I’m a Frugal Person, but I’ll Splurge on These 3 Things

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Some purchases are worth the extra money in my book.

I've always been a pretty frugal person by nature. Though my husband and I can afford a new second car, we continue to drive our beat-up, 14-year-old vehicle because we don't use it every day and don't see the sense in taking on a car payment when we're auto-debt free. We also live in a home that's below our current means so we can free up money for other important goals, like padding our savings and socking funds away for retirement.

But despite my frugal nature, I do think some things are worth spending a bit of money on. Here are three items I won't hesitate to pay more for.

1. Good shoes

I'm part of an active family. We do a lot of walking, hiking, and playing outdoors. And that's why I'm willing to pay a premium for quality footwear, and replace shoes and sneakers as often as needed. I could get away with buying cheap shoes for my kids that cost $20 a pair, knowing full well they probably won't last more than six months. But I'd rather spend $50 on supportive footwear that's better geared toward sports and running.

2. Healthy food

It costs more money to eat a plant-heavy diet than a junky one. But my family is really big on fruits and vegetables, so it's not unusual for me to spend a good $80 a week on produce alone (and that includes buying some of those items in bulk at a warehouse club). While I know it's possible for us to lower our grocery bills, I'm happy to spend the money on quality food that's packed with nutrients. And also, I think variety is important, and to achieve that, it sometimes means spending money on higher-end fruits that pretty much never go on sale.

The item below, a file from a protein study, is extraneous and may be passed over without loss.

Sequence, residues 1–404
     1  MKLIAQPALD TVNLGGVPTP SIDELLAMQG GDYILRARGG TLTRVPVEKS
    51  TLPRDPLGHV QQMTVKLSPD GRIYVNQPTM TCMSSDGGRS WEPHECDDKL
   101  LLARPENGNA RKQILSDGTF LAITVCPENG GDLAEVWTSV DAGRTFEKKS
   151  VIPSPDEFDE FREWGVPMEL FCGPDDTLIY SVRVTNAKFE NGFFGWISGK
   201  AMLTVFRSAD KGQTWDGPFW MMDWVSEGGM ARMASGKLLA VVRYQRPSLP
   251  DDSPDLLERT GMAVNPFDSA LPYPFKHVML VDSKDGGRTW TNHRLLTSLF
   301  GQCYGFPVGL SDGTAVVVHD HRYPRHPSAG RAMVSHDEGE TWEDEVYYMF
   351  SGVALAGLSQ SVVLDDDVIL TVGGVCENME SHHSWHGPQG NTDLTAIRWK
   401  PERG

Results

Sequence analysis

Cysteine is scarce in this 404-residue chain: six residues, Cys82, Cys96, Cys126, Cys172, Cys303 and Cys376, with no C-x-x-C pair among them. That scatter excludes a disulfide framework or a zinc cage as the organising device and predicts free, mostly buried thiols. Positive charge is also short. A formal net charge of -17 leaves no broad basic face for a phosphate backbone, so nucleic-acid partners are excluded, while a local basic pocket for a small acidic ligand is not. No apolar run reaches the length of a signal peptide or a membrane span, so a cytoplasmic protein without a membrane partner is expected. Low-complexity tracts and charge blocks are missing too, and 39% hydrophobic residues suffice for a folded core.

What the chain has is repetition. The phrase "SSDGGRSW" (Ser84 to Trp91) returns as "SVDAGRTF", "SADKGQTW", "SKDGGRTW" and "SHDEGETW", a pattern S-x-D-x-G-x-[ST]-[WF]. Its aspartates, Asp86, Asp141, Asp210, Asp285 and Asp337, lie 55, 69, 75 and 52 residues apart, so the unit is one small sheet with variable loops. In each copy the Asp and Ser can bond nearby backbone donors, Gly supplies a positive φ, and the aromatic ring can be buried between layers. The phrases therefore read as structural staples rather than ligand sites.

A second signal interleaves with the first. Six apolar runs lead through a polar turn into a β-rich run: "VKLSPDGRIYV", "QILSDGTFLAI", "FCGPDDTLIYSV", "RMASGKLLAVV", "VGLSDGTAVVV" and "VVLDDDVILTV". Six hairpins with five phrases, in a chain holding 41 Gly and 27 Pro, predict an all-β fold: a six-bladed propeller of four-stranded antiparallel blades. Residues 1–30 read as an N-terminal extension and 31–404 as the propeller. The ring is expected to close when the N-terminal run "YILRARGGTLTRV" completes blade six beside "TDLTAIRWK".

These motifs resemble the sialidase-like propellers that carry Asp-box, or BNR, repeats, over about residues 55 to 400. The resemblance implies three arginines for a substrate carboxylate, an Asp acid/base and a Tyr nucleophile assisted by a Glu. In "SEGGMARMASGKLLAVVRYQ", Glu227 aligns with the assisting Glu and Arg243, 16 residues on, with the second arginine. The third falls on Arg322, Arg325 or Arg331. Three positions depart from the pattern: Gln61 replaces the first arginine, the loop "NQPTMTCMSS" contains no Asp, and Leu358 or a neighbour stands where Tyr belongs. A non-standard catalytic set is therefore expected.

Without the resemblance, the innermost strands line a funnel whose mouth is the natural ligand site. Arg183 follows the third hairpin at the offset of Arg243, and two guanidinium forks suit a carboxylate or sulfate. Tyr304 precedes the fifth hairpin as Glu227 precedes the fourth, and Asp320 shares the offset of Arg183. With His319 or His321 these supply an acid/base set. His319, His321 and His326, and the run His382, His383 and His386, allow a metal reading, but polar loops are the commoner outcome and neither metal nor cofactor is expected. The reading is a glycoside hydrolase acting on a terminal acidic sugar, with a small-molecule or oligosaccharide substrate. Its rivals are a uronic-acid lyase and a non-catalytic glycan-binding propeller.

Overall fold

3. Books

Before the pandemic began, we used to hit up the library all the time. It was easy -- we'd reserve a stack of books, borrow them, renew them as needed, and return them at our convenience. Nowadays, borrowing from our local library is a lot more limited, and while it's easy to reserve books to read on an e-reader, checking out physical books is more difficult. As such, I've spent a lot more money than usual on books this past year, and I don't regret that in the slightest.

My son loves to read and does so first thing in the morning and before he goes to bed at night. And while I could get him free library books to read on his tablet, seeing as how he now learns remotely from home, I don't need him staring at a screen for an extra hour each day. I feel the same way about myself. I, too, spend my days in front of a computer, so it's worth it to me to buy a book to read every week for $10 rather than subject my poor eyes to yet another screen before bed.

It's all about getting your money's worth

There are some things in life I don't think are worth the money -- designer clothing, fancy handbags, and even, to some extent, restaurant meals. (I love ordering takeout from our go-to spots, where $30 feeds my whole family dinner, but I generally can't bring myself to spend $45 on a fancy restaurant entree that barely feeds a single person.) But to me, spending money on better shoes, healthy food, and books is totally worthwhile.

You, meanwhile, may have your own set of priorities, and that's okay. There's nothing wrong with spending money on the things that are most important to you, provided you can do so without going into debt. But if you're going to splurge, make it meaningful. Buy things that will bring you a substantial amount of joy or things you can put to good use. The more mindful you are, the less likely you'll be to regret that extra spending.

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